Other sections of this book fail live up to the level of the better written ones. Like an album of music, certain essays really worked while others just fell flat. Despite Moody's fantastic writing, some of his pieces simply failed to come to any important point. With that in mind, this book is well worth reading for the many gems it contains. Anyone who has had a connection to music will find meaning in Moody's writing and gain a larger knowledge of the music that inhabits our world.
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Format: Paperback
In the literary genre of the essay, I can think of no better practitioner than the late Stephen Jay Gould, who combined effortlessly his encyclopedic knowledge of and exuberant passion for evolutionary biology with those he had in classical music, history, fine art and baseball. Who else but Gould could write a provocative scientific paper with his friend and colleague evolutionary geneticist Richard Lewontin entitled "The Spandrels of San Marco", evoking these cathedral supports as a metaphor in a most memorable appeal to their fellow biologists to think more critically about the origins and subsequent usage of traits by organisms? Who else but Gould could recollect singing the Berlioz Requiem with the Boston Symphony at Tanglewood as part of an opening prelude for a most erudite discussion on the evolution of the mammalian ear in his essay "An Earful of Jaw" (published originally in Natural History magazine and later republished in the essay collection entitled "Eight Little Piggies: Reflections in Natural History")? Gould wrote his essays as his primary means of educating the public on the scientific truth of biological evolution in brisk, vigorous prose replete with ample instances of wit and graceful style, transferring his knowledge and enthusiasm into exquisite gems of literary art. Like Gould, Rick Moody has an inordinate fondness and passion for music, which he conveys in his first collection of essays, "On Celestial Music And Other Adventures in Listening", but readers may find Moody's thoughts not nearly as edifying as Gould's were, and frankly, at times, even bewildering.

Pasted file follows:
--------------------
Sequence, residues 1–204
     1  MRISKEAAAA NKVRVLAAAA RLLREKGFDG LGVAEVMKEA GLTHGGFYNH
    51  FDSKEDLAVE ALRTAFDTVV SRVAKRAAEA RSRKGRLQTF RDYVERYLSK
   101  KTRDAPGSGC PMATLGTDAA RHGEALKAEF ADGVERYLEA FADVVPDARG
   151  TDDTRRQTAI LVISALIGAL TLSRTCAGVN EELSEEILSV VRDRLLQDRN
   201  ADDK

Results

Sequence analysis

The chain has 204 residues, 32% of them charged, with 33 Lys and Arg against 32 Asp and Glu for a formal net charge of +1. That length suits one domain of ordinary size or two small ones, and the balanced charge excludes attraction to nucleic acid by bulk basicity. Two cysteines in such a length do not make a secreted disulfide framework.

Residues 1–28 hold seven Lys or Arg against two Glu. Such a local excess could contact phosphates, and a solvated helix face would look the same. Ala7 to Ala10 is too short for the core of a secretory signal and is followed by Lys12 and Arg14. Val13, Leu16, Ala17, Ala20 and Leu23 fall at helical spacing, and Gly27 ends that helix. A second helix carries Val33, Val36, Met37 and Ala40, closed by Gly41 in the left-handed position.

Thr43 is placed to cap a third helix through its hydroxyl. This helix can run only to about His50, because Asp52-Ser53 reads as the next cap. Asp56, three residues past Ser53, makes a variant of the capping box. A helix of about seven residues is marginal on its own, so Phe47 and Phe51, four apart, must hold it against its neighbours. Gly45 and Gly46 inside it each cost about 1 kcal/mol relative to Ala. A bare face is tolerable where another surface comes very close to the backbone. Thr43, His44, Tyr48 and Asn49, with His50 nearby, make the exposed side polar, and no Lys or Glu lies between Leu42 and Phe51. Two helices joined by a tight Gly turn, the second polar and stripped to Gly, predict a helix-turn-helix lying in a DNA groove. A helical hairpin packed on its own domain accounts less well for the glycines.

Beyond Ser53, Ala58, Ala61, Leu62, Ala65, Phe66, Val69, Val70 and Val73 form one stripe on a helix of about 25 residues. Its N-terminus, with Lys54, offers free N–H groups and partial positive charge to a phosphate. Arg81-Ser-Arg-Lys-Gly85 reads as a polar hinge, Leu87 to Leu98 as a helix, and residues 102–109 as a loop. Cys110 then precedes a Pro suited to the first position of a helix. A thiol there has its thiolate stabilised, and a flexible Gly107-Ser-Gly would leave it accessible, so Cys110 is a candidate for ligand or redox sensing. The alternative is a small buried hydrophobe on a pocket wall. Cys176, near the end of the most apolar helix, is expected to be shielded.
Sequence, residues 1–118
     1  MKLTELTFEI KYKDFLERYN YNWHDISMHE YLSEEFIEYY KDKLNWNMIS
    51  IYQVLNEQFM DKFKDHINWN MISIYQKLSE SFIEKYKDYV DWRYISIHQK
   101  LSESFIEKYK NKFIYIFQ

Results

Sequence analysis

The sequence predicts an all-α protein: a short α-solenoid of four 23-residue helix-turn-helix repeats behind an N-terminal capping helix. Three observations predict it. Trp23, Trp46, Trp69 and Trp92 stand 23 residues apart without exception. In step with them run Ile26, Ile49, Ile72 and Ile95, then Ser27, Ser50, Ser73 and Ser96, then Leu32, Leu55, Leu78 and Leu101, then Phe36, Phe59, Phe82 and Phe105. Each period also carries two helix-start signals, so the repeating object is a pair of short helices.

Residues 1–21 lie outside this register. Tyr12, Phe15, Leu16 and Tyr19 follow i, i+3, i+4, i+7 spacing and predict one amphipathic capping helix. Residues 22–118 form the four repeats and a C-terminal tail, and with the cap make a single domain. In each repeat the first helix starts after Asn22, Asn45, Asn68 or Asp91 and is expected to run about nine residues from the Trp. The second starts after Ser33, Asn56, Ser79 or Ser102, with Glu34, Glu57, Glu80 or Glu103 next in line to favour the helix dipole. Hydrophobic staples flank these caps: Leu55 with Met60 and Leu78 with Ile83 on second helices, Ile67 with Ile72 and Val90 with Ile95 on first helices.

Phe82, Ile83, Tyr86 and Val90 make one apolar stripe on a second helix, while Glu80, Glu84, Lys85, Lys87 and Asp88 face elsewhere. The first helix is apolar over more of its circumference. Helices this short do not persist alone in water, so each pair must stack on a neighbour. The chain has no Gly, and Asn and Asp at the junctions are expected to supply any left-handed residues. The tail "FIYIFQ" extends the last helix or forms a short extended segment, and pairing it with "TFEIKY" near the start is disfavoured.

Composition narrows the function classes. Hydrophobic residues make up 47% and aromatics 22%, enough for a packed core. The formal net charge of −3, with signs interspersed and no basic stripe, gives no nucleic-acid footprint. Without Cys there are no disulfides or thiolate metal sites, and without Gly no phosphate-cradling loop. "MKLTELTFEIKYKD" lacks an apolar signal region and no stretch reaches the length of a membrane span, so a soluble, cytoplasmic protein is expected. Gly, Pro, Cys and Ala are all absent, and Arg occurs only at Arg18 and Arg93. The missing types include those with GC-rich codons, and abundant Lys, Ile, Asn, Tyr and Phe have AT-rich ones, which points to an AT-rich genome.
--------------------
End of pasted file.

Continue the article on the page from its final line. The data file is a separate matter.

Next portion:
Moody's debut essay collection is a smorgasbord of literary treats, with some worthy of comparison with Gould's best.
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Format: Paperback
I struggled with this book off and on, due mainly to the nature of the author's tone. I'm not a big fan of the increasingly popular condescending, and pretentious "I'm so much cooler than you" hipster language. Nevertheless, the book itself is very entertaining. Although I don't agree 100 percent with Moody's outlook on the music industry, he's not without his valid points. His "Drummers of Europe" rant is hilarious and his chapter on the Brooklyn Record Club is entertaining. Although he takes aim at a couple of bands that I happen to enjoy (Such as Tool), he speaks favorably on bands such as The Who and Sonic Youth. We can't all agree on what we like to listen to, so I'll leave it at that. I purchased this book at the author's reading and book signing, and he was a very nice guy. If that encourages you more to pick up the book, then great!